AUTHORITATIVE LETTERS JEANNE DE CHANTAL AND FEMININE AUTHORITY IN THE EARLY MODERN CATHOLIC CHURCH
AuthorDavis, Elisabeth Claire
Committee memberLevitt, Laura
Early Modern Catholicism
Early Modern Convents
Early Modern Nuns
Early Modern Women
Jeanne De Chantal
Permanent link to this recordhttp://hdl.handle.net/20.500.12613/2759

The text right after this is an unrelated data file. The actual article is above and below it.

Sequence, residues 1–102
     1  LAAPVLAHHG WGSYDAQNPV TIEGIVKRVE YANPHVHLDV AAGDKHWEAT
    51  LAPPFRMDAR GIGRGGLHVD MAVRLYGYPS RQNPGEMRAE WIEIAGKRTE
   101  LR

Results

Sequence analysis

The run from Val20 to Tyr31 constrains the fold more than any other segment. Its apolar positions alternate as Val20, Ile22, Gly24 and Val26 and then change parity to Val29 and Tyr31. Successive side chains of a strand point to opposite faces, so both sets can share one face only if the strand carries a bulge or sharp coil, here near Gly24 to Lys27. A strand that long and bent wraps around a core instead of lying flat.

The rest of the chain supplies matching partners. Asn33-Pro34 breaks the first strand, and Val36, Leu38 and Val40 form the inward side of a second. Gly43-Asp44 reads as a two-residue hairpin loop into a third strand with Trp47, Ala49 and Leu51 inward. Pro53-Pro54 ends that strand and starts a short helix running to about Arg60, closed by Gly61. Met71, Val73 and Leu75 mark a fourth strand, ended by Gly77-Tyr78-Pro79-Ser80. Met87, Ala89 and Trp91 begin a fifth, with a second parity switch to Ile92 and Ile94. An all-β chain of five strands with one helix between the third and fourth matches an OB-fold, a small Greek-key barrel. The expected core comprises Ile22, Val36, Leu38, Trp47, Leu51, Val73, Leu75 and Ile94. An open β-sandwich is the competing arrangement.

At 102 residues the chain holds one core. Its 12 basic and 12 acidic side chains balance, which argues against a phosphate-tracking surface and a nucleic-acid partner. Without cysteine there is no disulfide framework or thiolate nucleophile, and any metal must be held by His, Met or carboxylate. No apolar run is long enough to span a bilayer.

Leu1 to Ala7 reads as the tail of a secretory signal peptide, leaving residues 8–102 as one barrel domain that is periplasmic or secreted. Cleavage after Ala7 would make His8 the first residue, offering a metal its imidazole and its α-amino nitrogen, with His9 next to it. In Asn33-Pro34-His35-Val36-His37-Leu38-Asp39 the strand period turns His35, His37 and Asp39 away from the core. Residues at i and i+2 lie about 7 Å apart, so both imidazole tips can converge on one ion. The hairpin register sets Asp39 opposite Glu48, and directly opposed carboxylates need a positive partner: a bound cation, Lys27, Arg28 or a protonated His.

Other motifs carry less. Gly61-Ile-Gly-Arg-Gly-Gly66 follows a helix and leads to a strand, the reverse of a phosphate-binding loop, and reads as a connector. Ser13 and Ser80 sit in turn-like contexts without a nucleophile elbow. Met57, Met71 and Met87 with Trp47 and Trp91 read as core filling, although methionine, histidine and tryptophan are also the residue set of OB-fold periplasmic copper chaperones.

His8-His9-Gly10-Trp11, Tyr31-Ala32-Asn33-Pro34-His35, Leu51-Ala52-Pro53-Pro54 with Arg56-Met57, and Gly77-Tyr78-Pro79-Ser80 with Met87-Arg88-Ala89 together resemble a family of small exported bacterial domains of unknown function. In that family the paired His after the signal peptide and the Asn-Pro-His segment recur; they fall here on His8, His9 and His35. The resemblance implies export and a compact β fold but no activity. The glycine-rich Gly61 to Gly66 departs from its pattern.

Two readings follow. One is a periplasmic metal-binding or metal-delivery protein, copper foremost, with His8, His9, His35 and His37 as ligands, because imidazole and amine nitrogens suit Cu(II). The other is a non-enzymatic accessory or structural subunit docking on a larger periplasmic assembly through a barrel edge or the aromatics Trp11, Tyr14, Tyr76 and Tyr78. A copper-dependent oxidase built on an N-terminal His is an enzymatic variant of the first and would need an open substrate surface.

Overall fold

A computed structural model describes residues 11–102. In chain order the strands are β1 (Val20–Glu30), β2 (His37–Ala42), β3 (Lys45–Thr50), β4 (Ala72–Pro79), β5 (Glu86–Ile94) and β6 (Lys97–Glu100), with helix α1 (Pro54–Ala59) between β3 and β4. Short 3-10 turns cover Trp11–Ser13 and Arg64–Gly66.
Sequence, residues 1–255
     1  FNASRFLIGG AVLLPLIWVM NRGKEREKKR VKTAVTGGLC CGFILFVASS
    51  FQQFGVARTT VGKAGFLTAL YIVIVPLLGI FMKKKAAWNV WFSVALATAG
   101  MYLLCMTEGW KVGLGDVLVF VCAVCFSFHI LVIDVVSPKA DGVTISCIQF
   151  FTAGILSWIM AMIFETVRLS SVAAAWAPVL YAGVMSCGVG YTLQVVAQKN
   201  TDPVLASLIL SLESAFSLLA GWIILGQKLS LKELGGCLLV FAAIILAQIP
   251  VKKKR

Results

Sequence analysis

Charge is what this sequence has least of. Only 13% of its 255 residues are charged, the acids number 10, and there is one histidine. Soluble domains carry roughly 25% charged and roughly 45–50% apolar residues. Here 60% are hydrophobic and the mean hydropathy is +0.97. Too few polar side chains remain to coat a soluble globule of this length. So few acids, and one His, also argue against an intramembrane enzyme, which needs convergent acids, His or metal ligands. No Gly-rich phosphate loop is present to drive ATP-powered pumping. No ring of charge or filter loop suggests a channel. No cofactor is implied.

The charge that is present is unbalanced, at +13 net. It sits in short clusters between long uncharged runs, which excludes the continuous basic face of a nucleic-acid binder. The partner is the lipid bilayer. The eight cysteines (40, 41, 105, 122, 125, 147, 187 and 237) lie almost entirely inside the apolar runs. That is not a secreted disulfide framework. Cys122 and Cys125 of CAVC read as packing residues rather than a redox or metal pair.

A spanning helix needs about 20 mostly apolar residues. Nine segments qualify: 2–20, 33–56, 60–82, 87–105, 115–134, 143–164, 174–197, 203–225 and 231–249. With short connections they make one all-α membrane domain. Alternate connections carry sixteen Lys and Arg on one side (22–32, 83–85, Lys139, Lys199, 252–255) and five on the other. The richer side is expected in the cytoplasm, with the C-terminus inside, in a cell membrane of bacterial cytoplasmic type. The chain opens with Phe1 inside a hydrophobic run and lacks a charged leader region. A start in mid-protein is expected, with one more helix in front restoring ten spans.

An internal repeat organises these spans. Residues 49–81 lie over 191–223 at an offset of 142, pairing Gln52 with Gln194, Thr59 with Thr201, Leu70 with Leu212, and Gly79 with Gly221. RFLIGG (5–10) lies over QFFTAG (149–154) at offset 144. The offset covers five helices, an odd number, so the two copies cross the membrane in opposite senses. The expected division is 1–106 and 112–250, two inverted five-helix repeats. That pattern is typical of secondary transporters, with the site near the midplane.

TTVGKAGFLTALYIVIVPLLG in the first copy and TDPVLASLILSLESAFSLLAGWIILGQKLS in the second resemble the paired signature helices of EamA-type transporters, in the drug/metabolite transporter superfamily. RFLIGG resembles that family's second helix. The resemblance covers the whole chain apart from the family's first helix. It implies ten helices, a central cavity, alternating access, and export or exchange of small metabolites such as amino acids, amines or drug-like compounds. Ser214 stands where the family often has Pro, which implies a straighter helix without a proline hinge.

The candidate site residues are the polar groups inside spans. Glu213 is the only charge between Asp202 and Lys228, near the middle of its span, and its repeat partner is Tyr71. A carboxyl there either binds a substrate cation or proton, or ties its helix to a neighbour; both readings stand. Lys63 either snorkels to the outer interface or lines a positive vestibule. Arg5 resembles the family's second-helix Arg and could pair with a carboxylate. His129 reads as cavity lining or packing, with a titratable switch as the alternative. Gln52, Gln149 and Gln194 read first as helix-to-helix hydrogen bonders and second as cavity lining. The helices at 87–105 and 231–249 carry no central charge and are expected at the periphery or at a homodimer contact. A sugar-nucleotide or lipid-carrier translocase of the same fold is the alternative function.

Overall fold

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AbstractThe early modern period of a time of religious renewal and upheaval that resulted in a wealth of new religious orders, particularly those for women. During this period of change, Catholic women responded to the threat of Protestantism by adapting the convent to their own needs. One of the most successful orders for women was the Congregation of the Visitation, founded by Jeanne de Chantal and François de Sales. The history of the Visitation tends to focus on de Sales rather than its cofounder de Chantal. This thesis attempts to reconcile this omission, detailing de Chantal's ability to demonstrate and enact her authority through the mode of letters. In doing so, this paper enters into a conversation on religious revival in the early modern period by illustrating the porous nature of the early modern convent and the role women had in shaping early modern religiosity.
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